President Donald Trump revealed his yearly budget proposal on Monday. Despite the budget being the largest in federal history, it includes only $291 million for the fight to end HIV by 2030, which Trump pledged to do at the 2019 State of the Union address, and some major cuts to components and programs that aid the fight against HIV/AIDS worldwide.
The Trump administration’s new budget cuts $250 million from the Global Fund, the world’s largest funder of AIDS treatment and prevention programs, and $1.5 billion from PEPFAR (President’s Emergency Plan for AIDS Relief), a government program that has treated more than 16 million people living with HIV, as well as limiting future spending on Medicaid.
Jennifer Kates, the director of Global Health and HIV Policy at the Kaiser Family Foundation, told NPR that in order to fulfill Trump’s supposed goal of ending the global HIV/AIDS epidemic by 2030, an increase of $5.4 billion in worldwide funding is needed by 2020.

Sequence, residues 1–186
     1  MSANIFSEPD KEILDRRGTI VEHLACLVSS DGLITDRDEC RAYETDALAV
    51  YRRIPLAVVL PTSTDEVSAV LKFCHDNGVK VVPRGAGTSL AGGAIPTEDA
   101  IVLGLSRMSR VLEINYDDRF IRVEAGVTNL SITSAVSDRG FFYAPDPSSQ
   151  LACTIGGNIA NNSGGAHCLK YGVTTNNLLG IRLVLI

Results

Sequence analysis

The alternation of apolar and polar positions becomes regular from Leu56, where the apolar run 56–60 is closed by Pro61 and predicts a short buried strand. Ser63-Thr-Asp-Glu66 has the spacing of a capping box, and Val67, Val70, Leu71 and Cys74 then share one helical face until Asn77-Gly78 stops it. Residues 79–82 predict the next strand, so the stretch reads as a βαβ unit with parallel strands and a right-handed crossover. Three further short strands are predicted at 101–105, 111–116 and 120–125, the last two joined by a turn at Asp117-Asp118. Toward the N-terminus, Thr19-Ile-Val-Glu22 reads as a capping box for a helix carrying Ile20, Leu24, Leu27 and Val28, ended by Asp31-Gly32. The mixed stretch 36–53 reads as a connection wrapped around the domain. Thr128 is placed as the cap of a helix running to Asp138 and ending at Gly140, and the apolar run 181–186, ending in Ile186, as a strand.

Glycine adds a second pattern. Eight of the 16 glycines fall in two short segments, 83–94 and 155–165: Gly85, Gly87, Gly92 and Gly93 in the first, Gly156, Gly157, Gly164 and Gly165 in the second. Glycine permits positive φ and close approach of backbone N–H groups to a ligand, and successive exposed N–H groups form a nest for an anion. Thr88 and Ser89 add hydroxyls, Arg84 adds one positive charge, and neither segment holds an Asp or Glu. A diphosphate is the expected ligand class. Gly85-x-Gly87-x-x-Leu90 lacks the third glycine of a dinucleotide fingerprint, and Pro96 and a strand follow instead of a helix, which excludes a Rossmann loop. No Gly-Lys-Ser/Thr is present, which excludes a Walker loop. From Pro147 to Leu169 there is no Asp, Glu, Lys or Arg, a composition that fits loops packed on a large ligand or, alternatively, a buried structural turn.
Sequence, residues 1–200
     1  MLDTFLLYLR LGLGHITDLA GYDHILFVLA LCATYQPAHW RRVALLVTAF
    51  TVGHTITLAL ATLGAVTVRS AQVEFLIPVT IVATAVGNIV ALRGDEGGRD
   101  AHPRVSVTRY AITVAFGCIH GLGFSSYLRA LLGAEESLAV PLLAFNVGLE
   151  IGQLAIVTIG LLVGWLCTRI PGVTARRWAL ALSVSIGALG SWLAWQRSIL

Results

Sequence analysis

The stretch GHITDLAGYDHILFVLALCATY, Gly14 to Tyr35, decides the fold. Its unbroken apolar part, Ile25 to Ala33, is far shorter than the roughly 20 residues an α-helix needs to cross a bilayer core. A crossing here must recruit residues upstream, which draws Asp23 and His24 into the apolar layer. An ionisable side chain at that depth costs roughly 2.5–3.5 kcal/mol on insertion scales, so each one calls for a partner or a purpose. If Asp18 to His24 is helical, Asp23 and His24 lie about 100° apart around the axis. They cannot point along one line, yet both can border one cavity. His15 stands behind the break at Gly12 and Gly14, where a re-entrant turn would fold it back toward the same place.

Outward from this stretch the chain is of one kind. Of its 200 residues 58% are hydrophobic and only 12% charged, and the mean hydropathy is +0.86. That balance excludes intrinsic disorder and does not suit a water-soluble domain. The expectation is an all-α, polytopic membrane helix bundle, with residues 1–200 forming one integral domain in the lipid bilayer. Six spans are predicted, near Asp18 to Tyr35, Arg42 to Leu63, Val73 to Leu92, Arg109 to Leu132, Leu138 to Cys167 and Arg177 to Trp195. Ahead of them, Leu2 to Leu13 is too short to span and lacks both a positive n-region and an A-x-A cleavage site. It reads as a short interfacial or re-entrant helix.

According to President and CEO of GLAAD, Sarah Kate Ellis, the Trump administration has fallen short of combating the HIV/AIDS epidemic with this new budget.
“LGBTQ Americans were right to be skeptical about President Trump’s pledge to end HIV and AIDS and today’s budget revealed the truth: this administration is not serious about this fight,” Ellis said. “Actions always speak louder than words, and the Trump administration once again proved to people living with HIV – which includes LGBTQ Americans – that they simply cannot trust this president to do anything more than pay lip service.”
Kates told NPR that Congress is expected to reject Trump’s budget proposal and keep funding for worldwide AIDS programs roughly the same as in the past.